2 Consider it a great joy, my brothers and sisters, whenever you experience various trials, 3 because you know that the testing of your faith produces endurance. 4 And let endurance have its full effect, so that you may be mature and complete, lacking nothing. — James 1:2-4
by Melissa Hayes
As I write this devotional, I'm sitting at the feet of my loved one in a dark hospital room. The struggle and pain are very real. The ups and downs of recovery and the reality of what lies ahead make it difficult to see great joy in the moment. Vince Lombardi once said, "Fatigue makes cowards of us all." My hope is this circumstance will produce endurance, maturity, completeness and reliance on God, rather than the opposite.
Jesus felt both physical and emotional pain on the cross as He cried out "ELOI, ELOI, LAMA SABACHTHANI?" (Mark 15:34). Temporarily abandoned by His Father as He bore the sin of the world, He screamed out in agonizing separation. And for what? So that in moments of pain, we don't have to be cowards. We don’t have to be separated from Christ, because He has already walked that journey of aloneness for us.
It seems counterintuitive to be joyful in “various trials.” I don’t think being joyful, putting on a happy face, is what James is trying to say here. Rather, he means considering it a joy, because without the trial, your faith won’t be tested, and you won’t build endurance, grow or mature in your faith.
Before a silversmith touches silver, identified ore is blasted away from rock and brought to the refinery as rough-edged chunks that don’t look like much. Through a series of crushers, the rock is pulverized and then given chemicals baths. When the silversmith finally receives the ore, he pours it into a crucible and fires it in the hottest flame. It melts down, and as the heavier silver falls to the bottom, the dross rises to the top and can be skimmed off. He repeats the process until the silver reaches the desired purity. When the silversmith sees his reflection in the liquid, like a mirror, he knows it has reached the purest form possible.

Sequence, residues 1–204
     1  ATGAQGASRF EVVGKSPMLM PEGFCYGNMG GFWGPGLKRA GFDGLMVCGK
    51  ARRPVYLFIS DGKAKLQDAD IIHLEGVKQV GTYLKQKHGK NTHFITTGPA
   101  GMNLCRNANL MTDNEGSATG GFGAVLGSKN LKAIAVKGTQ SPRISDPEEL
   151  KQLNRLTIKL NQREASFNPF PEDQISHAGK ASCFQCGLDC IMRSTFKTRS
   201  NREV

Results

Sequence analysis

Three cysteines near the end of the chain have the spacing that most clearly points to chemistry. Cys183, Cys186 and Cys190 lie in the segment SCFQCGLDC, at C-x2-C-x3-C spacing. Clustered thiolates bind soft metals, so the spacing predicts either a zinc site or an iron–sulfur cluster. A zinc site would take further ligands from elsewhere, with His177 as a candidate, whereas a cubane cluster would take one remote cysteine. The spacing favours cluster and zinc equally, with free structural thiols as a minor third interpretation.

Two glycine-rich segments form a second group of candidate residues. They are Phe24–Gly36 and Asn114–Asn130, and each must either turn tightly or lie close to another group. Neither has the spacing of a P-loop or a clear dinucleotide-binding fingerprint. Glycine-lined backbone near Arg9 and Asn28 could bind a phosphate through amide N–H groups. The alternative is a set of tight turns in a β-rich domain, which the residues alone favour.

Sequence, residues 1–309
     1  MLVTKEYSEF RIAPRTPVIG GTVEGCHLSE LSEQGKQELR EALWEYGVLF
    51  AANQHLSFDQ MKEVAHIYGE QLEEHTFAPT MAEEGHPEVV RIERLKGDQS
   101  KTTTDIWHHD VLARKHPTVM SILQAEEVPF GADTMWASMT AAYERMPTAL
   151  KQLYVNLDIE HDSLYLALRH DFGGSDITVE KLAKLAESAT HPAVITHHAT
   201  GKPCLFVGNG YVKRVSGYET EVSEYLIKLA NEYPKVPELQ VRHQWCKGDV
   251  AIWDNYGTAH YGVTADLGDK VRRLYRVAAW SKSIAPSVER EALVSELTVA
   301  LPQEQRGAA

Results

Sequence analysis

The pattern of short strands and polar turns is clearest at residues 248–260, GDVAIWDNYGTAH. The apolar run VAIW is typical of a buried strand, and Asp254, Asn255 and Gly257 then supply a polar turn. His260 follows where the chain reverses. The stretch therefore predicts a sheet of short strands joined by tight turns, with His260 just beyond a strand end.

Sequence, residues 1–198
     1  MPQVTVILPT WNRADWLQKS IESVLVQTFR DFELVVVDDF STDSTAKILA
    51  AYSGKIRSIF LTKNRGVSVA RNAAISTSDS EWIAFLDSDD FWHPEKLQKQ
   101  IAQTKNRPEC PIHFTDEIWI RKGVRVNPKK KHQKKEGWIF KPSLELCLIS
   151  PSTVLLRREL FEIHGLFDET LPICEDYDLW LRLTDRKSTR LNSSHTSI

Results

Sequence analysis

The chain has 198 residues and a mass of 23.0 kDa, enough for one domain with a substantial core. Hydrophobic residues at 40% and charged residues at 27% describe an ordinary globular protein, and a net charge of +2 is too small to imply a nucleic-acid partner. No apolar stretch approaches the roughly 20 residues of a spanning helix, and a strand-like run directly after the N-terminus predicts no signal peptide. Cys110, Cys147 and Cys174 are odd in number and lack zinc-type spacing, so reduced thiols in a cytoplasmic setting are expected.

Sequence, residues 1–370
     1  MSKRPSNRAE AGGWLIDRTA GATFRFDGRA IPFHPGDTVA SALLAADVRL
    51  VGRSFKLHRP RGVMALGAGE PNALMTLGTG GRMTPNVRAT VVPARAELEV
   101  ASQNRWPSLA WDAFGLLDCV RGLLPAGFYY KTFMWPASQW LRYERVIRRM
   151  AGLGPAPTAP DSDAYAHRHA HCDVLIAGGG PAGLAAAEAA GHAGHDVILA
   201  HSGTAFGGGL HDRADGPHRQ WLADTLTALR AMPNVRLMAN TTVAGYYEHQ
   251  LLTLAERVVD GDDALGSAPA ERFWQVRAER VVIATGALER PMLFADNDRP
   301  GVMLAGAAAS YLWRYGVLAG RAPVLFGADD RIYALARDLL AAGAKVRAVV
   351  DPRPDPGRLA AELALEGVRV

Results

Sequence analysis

We are the silver, and God is the silversmith. When others look at you, do they see a reflection of Jesus Christ?
- What is crushing you today? What is your first reaction when going through suffering? Is it “Why me, Lord?” and maybe ignoring God? Or do you turn to prayer and worship, embracing the pain and believing the fire in your life will purify your heart?
- Who in your life can you identify that will encourage you, point you to God and be a reflection of Jesus Christ? How can they help you give your best to God?
- James said our trials will result in us “lacking nothing.” Do you look forward to the maturity Christ promises, where you not only lack nothing, but where you are also able to give to others out of your overflow?
God has called us all to reflect Him so that others will know about His love. As a family, make a list of how you can reflect God this week to others around you. To help remind the family about reflecting God, make a sign that asks the question, “How will you reflect God today?” Tape that sign on the mirror in the bathroom. As you get ready in the mornings, think through your day and pray for God to help you be a reflection for Him.
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Unless otherwise noted, all Scripture quotations are taken from the Christian Standard Bible®, Copyright © 2017 by Holman Bible Publishers. Used by permission. Christian Standard Bible® and CSB® are federally registered trademarks of Holman Bible Publishers.